Ogre’s material system is pretty smart already, and one of its many features is to automatically switch techniques based on the supportability of certain hardware features you’ve tried to use in your material. Thus, you might provide an uber-fantastic Shader Model 3 lighting model for cards that can handle it, and provide simpler implementations that will be automatically used on lower end hardware. Other uses of techniques include ‘material schemes’ (where you can define alternate pathways for your materials and associate them with particular viewports, render targets or system options - useful for HDR paths, high / low detail options etc) and level-of-detail support where you can drop the complexity of your materials in the distance automatically - however hardware fallback is probably the most common use.
I have a confession to make - in my deep and distant past, I have an accountancy qualification - a legacy of a young man with too little focus about what he wanted to do in life and before it had occurred to him that someone might pay him to play with computers. Not that I think there’s anything particularly wrong with accountancy; in an island dominated by finance it was a safe bet for a mathematically / logically-minded individual with too many diverse interests and no particular clue which one to follow at the time - but I found out pretty quickly that it definitely wasn’t for me.
It hasn’t been that long since I last upgraded my main dev machine, but as it happens although the 320Mb 8800 GTS seemed perfectly adequate for my needs late last summer, most of the people on the team I’m working on now bought their cards more recently, and of course now the 8800 GTS 512Mb is now the ‘sweet spot’ for nvidia cards. It didn’t really matter until I started running out of memory, and of course since I was always the first on the team to run out, it was a mite inconvenient.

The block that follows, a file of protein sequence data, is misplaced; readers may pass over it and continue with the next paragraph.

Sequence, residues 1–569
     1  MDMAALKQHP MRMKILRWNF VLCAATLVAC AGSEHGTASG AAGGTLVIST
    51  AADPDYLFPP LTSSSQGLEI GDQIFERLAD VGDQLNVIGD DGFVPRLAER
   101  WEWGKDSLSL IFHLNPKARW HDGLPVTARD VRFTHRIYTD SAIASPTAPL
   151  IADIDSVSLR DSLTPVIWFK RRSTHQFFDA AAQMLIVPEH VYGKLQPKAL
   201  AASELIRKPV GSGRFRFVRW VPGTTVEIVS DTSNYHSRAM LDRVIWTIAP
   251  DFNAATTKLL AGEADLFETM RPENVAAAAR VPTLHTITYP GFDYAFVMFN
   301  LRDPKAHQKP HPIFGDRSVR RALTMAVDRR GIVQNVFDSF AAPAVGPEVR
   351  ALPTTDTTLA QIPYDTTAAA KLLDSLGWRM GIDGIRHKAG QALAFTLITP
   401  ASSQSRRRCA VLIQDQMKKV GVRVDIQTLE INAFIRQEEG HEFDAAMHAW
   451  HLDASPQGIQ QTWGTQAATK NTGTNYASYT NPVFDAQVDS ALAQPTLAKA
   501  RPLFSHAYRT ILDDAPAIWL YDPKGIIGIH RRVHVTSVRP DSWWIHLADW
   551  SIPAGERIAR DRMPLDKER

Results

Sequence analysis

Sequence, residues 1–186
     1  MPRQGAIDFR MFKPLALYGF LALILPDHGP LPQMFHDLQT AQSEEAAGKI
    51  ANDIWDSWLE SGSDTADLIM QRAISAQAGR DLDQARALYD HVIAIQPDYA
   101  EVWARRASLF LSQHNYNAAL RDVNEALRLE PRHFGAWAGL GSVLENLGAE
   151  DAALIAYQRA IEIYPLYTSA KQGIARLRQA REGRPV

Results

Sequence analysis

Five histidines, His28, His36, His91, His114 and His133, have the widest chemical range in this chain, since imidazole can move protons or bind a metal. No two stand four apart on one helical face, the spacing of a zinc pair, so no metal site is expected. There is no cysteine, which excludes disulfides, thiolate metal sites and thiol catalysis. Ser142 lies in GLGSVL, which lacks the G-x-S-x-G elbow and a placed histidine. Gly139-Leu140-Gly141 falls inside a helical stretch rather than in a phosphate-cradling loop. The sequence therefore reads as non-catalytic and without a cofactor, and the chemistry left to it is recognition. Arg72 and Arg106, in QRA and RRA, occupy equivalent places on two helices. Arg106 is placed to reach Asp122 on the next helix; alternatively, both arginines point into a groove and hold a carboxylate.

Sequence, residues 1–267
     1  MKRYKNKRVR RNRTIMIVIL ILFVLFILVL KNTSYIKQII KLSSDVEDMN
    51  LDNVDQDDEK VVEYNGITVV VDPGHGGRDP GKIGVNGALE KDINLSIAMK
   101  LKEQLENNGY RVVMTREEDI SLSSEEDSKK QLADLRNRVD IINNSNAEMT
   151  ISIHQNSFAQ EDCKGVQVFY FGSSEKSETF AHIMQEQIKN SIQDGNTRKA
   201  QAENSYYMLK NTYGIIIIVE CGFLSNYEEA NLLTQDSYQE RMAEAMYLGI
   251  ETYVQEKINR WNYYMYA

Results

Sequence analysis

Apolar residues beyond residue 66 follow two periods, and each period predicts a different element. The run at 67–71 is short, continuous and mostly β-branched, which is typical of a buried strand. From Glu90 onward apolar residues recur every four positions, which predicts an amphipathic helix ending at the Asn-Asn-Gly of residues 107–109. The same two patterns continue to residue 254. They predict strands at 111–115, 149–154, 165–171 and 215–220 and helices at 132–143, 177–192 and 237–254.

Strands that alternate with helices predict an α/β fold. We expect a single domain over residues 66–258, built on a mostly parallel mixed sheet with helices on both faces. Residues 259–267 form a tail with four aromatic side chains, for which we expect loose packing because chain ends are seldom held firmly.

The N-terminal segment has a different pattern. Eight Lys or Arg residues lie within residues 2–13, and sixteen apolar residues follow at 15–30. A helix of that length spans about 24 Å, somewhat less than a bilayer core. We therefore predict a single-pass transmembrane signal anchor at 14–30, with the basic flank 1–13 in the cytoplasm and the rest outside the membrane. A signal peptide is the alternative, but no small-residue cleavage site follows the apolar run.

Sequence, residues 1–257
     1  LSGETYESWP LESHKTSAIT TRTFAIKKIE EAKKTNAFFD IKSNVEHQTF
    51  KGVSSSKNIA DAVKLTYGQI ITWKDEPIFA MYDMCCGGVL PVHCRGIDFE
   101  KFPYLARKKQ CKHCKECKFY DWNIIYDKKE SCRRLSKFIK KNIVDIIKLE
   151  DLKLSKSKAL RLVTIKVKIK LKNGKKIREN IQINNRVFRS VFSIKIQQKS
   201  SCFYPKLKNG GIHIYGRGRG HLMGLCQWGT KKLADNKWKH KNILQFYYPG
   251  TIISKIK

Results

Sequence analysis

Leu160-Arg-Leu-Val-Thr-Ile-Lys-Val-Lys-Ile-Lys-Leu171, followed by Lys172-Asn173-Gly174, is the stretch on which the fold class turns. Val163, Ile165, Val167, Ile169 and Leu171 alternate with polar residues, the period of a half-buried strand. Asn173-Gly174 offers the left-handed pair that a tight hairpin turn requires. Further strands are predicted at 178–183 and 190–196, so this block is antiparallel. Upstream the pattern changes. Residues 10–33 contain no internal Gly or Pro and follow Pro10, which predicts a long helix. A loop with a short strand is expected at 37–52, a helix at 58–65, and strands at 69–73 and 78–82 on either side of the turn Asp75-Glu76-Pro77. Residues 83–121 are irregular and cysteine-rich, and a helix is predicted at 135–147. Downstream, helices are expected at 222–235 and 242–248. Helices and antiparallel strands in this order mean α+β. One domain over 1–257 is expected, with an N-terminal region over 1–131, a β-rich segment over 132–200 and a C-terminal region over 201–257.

Open Season is a podcast about open source issues, weighted towards the practical rather than the philosophical, and as such I tune into it regularly. Some are better than others, but I found the latest Episode 13 quite interesting for a number of reasons. They had an analyst from RedMonk on board this time, which was fascinating - RedMonk are (AFAIK) the only research firm that release their results openly rather than charging a few thousand for detailed papers, so they’re quire interesting.
When you’re talking with some programmers, particularly younger ones, you can’t help but run into the ‘great language debate’ at some point or another. That is, that many programmers have a language which they feel is superior to all the others, and they’ll put up a ton of resistence should you suggest that they use something else. It happens in other areas too of course - preferred operating systems, databases, apps etc, but as coders the language issue always tends to come up most, closely followed by IDEs.
I like co-op games a lot - currently my wife and I are battling on-and-off through the triple-distilled gameplay that comprises the multiplayer co-op levels on N+ - and both ruthless and supremely entertaining they are. I’m glad that game designers are starting to give this mode more attention these days, and so when I initially saw Army of Two (peripherally), I was semi-interested given that it was clearly designed for co-op from the outset.
Yet more proof, if we needed it, that Mr Facebook has his head permanently lodged shoulder-deep in his own arse, because allegedly, Facebook is now going to help rid the world of terrorism. Yep, that’s right - not content with running a one-trick popularity-dependent company that despite still scrabbling around for a viable business model still gets funded to a level that defies all rational analysis, nor with his could-you-get-any-more-pompous 100 years of media gaffe, good old Zucky is now taking credit for stopping terrorism too.
It’s easy for my wife to tell if I’m ‘properly’ sick; if I don’t have any interest in touching a keyboard for a while, it’s official - I’m ill. More reliable than any doctor’s prognosis. I came down with proper ‘flu for the second time this winter, which sapped my energy to do pretty much anything for the last few days. Sucks. I didn’t even have the energy to play any games until late in the weekend!
It’s a sad day - Gary Gygax, pioneer of pen-and-paper roleplaying games and one of the original DnD creators, has passed away aged 69. While I never played the original DnD (I was only a year old when it was released), Gygax had a hand in many of the seminal experiences I had with PnP RPGs. I’ve had a long history with them, starting from MERP (which all came about from reading LOTR) when I was 13/14 all the way to the present day.